Hauwa went to hug Tomiwa

Beep, beep, beep.

Is that your phone? Hauwa asked.

Yes, I wonder who is calling. Aww, Uchems. Hello, Uchems? How have you been? I’m hanging in there. I’m happy she lived a good life, but I’ll always miss her. I’ll use this period to catch up on her life and just maybe I can understand my dad a bit better. How’s medical school? They chatted for about 30 minutes.

Tomiwa finished the call and saw a smiling Hauwa. 

Why are you smiling? 

First of all, who is Uchems and what’s going on between you two? Did you see how you were so sweet on the phone? You aren’t this comfortable with anyone except your mom and Kayode. It’s like you reserved some sass for Tobi and the rest of us. 

Whatever. Uchems is a 500-level medical student, and his real name is Uche. He really likes me a lot, and I think I like him too, but nothing serious is happening between us because I’m scared. Wait, that reminds me. Have you gotten over your crush on Tobi yet?

We are not talking about me. Hauwa looked away smiling.


We therefore commit the body to the ground, earth to earth, ashes to ashes, dust to dust, in the sure and certain hope of the resurrection to eternal life.

The people chorused “Amen!”

As Tomiwa watched the coffin being laid into the earth, she wanted to jump in too, but she couldn’t. She still has a lot to do in life. She hasn’t finished medical school. Her relationship with her father is still a work in progress. She hasn’t even told Uche she likes him back. Hauwa and her weren’t back to their old friendship, but Tomiwa liked the new bond they were forming, and she was going to put a lot of effort into not ruining this one.

So this is what a funeral looks like, Hauwa thought. She hasn’t spoken to Tomiwa today yet, but boy! She sure looked beautiful. Her dress, shoes, and bag screamed “rich and classy.” Her entire family looked so good, and Hauwa never thought she’d have butterflies in her stomach merely looking at Tobi. He looked so handsome. She chided herself. “Hauwa, you’re at his mom’s funeral.” It was stupid of her to think she had killed the crush she used to have on him back then. The worst part was that Tobi only sees her as Tomiwa’s friend.

Everyone proceeded to the reception venue after the burial. The family had chosen a small hall in the heart of Victoria Garden City, Lekki. A big banner at the entrance read,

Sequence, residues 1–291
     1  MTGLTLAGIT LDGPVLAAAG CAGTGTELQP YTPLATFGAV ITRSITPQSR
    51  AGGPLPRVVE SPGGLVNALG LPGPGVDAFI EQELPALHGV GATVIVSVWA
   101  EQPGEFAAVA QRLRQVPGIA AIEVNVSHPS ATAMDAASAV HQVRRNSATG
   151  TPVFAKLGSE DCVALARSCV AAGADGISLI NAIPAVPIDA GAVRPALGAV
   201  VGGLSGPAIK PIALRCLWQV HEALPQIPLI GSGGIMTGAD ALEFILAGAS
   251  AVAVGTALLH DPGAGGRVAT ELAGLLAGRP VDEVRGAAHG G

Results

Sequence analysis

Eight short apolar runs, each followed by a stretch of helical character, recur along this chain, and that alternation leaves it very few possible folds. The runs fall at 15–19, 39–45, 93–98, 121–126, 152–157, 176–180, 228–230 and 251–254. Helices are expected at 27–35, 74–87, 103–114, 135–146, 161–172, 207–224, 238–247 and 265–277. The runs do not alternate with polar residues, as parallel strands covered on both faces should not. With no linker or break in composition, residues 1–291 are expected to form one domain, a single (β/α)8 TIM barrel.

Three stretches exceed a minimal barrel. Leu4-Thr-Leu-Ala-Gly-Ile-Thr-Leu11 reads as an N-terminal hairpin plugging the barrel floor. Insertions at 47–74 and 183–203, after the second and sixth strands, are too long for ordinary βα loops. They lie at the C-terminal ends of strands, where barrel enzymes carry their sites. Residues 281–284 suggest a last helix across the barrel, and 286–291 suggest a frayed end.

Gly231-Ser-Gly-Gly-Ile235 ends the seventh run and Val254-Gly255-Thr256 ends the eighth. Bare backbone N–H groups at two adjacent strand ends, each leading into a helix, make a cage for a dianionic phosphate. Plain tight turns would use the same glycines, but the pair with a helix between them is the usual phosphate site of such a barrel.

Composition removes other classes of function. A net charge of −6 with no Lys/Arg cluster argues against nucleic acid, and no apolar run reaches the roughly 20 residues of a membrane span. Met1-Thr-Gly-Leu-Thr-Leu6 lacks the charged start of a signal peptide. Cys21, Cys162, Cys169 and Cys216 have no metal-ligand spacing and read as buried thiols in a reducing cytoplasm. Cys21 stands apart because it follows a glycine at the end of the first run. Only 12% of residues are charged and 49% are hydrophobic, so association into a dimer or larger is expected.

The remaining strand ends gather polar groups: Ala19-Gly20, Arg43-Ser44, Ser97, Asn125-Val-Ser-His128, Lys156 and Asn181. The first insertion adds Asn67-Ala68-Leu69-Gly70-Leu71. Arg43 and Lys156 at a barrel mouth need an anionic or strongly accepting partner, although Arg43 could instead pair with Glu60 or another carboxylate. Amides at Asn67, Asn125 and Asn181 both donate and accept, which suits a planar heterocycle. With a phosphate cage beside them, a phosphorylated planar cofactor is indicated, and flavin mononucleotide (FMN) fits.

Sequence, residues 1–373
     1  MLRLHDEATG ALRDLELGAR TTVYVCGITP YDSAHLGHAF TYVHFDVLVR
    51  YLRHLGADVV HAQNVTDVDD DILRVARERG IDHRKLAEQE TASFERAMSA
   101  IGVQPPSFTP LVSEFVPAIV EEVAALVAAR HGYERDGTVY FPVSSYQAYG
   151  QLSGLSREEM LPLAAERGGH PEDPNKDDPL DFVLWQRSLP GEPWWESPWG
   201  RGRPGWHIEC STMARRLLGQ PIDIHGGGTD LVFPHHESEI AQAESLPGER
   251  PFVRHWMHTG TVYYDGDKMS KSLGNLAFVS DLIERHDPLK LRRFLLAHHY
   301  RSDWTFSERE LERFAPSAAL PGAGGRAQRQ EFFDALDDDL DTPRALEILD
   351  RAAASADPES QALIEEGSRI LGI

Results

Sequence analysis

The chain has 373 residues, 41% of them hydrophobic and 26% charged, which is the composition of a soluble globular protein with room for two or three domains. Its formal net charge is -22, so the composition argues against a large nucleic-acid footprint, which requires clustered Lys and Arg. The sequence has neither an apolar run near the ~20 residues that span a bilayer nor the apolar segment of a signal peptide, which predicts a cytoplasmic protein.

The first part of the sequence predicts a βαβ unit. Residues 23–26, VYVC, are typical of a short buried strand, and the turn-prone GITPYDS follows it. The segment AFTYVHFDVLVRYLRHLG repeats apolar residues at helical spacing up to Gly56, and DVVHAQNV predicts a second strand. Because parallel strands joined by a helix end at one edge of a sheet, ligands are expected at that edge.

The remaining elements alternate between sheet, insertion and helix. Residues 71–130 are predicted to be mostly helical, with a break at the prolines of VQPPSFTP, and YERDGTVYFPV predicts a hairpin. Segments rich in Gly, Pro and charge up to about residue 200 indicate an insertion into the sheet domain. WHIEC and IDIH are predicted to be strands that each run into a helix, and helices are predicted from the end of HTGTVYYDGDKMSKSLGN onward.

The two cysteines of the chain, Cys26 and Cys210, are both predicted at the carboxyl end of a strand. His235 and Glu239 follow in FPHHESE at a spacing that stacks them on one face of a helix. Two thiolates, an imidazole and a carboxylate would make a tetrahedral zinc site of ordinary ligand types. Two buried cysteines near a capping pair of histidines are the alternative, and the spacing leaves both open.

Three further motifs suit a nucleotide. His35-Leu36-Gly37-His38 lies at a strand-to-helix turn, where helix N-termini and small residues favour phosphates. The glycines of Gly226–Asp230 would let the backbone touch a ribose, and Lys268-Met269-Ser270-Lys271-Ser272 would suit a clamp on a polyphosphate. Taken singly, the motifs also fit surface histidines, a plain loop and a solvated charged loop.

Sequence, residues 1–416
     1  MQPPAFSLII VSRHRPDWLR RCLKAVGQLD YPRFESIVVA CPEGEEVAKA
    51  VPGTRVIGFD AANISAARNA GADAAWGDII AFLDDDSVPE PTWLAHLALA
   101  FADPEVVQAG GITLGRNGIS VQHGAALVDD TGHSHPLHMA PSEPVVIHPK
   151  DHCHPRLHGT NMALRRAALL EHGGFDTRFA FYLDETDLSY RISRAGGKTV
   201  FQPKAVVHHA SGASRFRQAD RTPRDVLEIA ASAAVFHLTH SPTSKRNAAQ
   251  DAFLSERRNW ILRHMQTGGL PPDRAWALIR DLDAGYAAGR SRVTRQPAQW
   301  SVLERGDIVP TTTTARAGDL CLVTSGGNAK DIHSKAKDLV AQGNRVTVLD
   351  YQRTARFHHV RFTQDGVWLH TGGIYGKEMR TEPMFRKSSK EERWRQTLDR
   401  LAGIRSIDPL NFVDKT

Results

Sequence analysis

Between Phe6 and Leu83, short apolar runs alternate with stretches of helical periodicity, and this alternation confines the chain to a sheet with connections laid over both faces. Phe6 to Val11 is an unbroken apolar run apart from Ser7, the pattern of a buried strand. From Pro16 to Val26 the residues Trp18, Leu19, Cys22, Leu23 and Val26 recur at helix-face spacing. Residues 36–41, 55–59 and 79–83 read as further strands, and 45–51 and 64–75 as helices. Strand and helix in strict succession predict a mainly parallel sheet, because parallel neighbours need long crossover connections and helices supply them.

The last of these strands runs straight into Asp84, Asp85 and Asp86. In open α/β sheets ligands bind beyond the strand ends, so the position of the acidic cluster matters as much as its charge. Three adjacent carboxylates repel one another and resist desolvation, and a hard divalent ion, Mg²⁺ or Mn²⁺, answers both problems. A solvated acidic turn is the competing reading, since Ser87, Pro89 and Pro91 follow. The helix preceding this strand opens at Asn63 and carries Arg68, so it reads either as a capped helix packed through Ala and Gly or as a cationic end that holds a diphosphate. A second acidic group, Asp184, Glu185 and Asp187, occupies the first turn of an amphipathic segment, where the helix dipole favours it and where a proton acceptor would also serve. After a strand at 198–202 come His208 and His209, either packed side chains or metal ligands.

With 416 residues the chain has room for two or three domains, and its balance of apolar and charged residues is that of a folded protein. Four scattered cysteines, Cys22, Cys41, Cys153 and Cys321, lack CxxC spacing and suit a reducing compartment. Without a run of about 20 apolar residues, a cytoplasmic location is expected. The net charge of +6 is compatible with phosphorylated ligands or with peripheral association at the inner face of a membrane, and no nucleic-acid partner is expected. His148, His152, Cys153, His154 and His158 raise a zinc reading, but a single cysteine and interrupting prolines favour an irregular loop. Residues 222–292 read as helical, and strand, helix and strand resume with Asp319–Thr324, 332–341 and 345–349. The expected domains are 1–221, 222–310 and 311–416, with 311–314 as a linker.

Celebrating the Life of Akunna Celine Dideolu, A wife, mother, sister, and aunt. Continue to rest in the bosom of our Lord Jesus Christ.

Whoever selected the picture used did a good job; her mother looked so radiant, Tomiwa thought. Her mom’s praises were sung, and a lot of people kept pressing envelopes into Tomiwa and Tobi’s hands. 

As she was preparing for bed that night, she thanked God that her mom’s funeral went well, and she recalled the conversation she had with her dad the night of the wake. She took Hauwa’s advice and decided to not look at her dad through the lens she always used. And she saw him differently, he was hurting just like everyone else.

Hi, Dad. Good evening. Can I come in?

Yes, of course. Are you ready for tomorrow?

I don’t think I am. I guess when she’s laid to rest tomorrow, we’ll see how I’ll handle it.

Okay, that’s not bad.

errmmm, Daddy?


Can I talk to you about something?

What is it?

I know we don’t have the best father-daughter relationship, and I’ve not been your favourite child for a long time. Mom has been telling me to talk to you before her death and to make things right, but I’ve been so stubborn, and I… her voice broke off in tears.

Tomiwa, I’m your father. I know I’ve made a lot of mistakes in the past regarding your mom and your siblings, and I know I can’t go back, but I’m ready to build a better future with all of you.

Back then, when I came home just after I gained admission to the university, you and mom had a heated argument. Why did you hit her?

You saw that?

Yes, and to be honest, the reason why I’ve been a closed book to you all these years is because of that incident.

That night was the worst night of my life. I was defrauded by close to five million Naira. I handled it badly. I got drunk, and your mom thought I was seeing someone else. She actually threatened to press charges and leave me.

She did?

Yes. Your mom married me on one condition. That I would not marry any other woman after her. We met when I was on a business trip in South Africa, and she was so friendly and respected that I was already married. When we met again, one thing led to another, and we got married. But she made sure I told Tope and Kayode’s moms we were seeing each other before she agreed to marry me. After that incident, she spoke to one of her friends in the UK, who connected me to a therapist, and it took a year before your mom could look at me the same way. I know you’ve built a wall around yourself, but I want to tell you that we love you, Tomiwa. Though you may not see it, everyone in this household is rooting for you, and while we’ll still disagree on some matters, we’re family, and families stick together.